As a long-time herpetologist I have always enjoyed listening to the calls of frogs and toads and trying to figure out which species are which and what triggers calling. Indeed one of my “bucket list” items was to acquire a house from which I could lie in bed at night and hear frogs calling. I finally achieved this late in life when we bought a farm in SW VA and I built a series of 8 small ponds during restoration of the degraded spring-fed marshes. This has enabled me to enjoy many nights of frog sounds, mainly from bullfrogs, green frogs, American toads and Spring peepers.
Now I am always admonishing folks to not only enjoy Nature but to carefully observe patterns and try to decipher the meaning of these patterns. One such froggy pattern is the breeding biology of the bullfrog (see photo of male). The male occupies a defended territory and announces this fact by booming “jug-o-rum” calls. Apparently females tend to choose males as partners with larger body size, deeper calls and better territories for raising babies. The ear-drum of the male is huge- bigger than the eye and much larger than the female ear-drum which is considerably smaller than the eye. Now bullfrogs are home-bodies and remain in and very near their ponds. Eggs are laid in early Summer in shallow water near the surface (see photo of embryos in such an egg mass) possibly in response to the fact that they breed during warmer periods when low oxygen could be a problem. Even after metamorphosis young frogs remain in or near the pond.
Another amphibian breeding in these ponds is the American toad (see photo) which is mainly terrestrial but comes to ponds in Spring to breed. Males (see photo) give a distinctive trill which attracts females for mating. Eggs are laid in strings underwater (see photo), grow rapidly to a size where they metamorphose, and then leave the pond.
So have you noticed that the ear-drum of the male toad is much smaller than that of the male bullfrog? Why do you suppose this is?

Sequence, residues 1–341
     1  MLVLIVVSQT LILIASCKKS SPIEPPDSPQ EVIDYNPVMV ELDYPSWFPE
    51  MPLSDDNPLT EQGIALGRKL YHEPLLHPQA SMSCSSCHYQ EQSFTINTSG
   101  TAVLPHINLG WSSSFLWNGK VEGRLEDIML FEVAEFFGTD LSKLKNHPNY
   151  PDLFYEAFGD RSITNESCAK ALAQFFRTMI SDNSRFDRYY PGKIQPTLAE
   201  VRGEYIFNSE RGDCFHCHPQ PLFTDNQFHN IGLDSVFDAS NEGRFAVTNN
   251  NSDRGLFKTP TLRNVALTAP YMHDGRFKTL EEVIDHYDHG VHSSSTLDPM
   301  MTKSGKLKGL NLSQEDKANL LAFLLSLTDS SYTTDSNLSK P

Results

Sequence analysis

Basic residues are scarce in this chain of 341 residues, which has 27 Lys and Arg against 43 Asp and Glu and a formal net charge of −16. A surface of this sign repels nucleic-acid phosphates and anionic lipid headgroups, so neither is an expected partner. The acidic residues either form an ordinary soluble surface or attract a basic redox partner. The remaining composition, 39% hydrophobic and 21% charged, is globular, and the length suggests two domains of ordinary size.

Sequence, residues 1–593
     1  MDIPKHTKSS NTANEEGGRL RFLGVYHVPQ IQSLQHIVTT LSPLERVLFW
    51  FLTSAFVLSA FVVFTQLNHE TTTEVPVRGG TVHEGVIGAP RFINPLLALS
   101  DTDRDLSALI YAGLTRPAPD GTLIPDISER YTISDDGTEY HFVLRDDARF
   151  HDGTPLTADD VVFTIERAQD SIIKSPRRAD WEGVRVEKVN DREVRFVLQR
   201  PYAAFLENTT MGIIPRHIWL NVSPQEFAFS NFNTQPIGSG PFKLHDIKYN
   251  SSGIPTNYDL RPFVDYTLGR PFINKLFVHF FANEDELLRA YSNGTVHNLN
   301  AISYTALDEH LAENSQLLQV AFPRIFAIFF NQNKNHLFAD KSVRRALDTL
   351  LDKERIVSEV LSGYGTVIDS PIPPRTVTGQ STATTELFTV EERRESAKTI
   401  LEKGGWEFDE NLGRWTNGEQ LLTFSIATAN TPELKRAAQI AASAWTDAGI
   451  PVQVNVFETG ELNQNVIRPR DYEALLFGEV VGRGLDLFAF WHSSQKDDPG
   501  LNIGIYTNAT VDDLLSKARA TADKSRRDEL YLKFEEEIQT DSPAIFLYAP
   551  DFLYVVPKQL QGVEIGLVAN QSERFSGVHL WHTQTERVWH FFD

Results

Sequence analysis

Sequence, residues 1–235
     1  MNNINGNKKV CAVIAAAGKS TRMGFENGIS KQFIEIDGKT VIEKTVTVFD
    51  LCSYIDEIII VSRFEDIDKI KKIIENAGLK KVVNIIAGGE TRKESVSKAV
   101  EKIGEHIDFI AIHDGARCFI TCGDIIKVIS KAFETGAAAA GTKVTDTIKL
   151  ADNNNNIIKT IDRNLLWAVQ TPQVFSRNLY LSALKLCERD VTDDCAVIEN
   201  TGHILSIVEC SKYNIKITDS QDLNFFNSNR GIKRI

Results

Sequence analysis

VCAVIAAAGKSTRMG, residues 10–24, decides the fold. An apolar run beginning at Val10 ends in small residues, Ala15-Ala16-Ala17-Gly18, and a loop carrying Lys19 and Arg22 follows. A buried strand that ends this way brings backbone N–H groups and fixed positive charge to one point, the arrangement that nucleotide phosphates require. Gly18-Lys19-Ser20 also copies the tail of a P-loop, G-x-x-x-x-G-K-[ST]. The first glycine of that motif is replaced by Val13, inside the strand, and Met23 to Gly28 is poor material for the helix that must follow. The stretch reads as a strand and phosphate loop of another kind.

Consider what the purpose of calling/singing and listening might be- presumably to defend a territory against other males and/or to attract females. Do you think both of these functions might apply equally well to bullfrogs and American toads? Not likely since the toads enter the ponds only to breed and leave immediately thereafter. Bullfrogs on the other hand remain all year in the ponds. Thus bullfrogs likely use their loud call to both repel male intruders and to attract mates, whereas the toad would primarily be calling to attract a mate. Thus the larger ear-drum of the male bullfrog probably reflects his greater need to discriminate sound frequencies and volume. At least this seems to be a reasonable hypothesis to explain the huge ear-drum of the male bullfrog..
So when listening to the wonderful sounds of the night, including those of amphibians, reflect upon the possible meaning of these sounds to the animals themselves. There may be more information communicated than you might have thought; I am here, I am big, I am ready to breed and have great habitat for your babies if you are female, I will fight you if you are a male, etc.
Bill Dunson, Englewood, FL & Galax, VA